|Persecution Type:||Islamic oppression|
|Persecution Level:||Very High|
|Leader:||King Mohammed VI|
Although Morocco is considered to be relatively tolerant compared to other countries in the region, it is illegal to evangelize. Moroccan law criminalizes “shaking the faith of a Muslim,” which means that Christians who talk to others about their faith risk criminal charges and arrest. Converts to Christianity can be punished in other ways, as well, such as losing inheritance rights and custody of children. Other restrictions imposed by Islamic authorities include the confiscation of Christian literature in Arabic (including Bibles) and serious challenges in securing places of worship for Christians with a Muslim background. Islamic extremists are also a threat; advocates for the rights of Christians have been targeted for violent attack.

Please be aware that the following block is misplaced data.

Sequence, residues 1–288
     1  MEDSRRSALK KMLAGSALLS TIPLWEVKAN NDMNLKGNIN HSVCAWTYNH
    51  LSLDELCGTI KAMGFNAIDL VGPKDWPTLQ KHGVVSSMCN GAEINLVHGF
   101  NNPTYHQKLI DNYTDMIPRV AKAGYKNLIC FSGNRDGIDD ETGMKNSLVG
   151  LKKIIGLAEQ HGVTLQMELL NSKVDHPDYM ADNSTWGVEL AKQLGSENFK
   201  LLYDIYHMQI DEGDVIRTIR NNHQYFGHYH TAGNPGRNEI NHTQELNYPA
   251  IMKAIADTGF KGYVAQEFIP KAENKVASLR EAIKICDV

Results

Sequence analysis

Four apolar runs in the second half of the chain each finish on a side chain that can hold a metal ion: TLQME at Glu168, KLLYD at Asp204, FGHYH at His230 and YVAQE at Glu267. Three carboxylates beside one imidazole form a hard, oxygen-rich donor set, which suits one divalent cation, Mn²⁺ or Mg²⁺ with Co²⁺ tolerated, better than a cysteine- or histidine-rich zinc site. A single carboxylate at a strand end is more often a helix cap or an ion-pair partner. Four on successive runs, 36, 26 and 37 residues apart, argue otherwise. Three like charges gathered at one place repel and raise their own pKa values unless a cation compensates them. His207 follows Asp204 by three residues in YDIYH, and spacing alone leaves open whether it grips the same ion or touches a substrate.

Because they cannot get permission and official recognition to meet together publicly, Moroccan Christians meet in house churches; they are especially aware they are under close surveillance by authorities who monitor their activities. To ensure Moroccans are not attending services, expatriate churches are also monitored intensely. Expatriates accused of sharing the gospel in Morocco have been deported. Christians from Muslim backgrounds face pressure from their families and communities, especially in rural areas, so they may be forced to keep their faith a secret.
Several converts from Islam to Christianity were detained and questioned by the security services about their possession of Bibles, as well as their contact with foreign Christians.
Converts from a Muslim background are often the victim of physical or even sexual abuse at the hands of members of their (extended) family. Female converts have been forced to marry a Muslim man.
During the reporting period, at least two church properties were vandalized. The number of church properties in Morocco is very low.
The apartment of at least one convert from Islam to Christianity was demolished by his own family.
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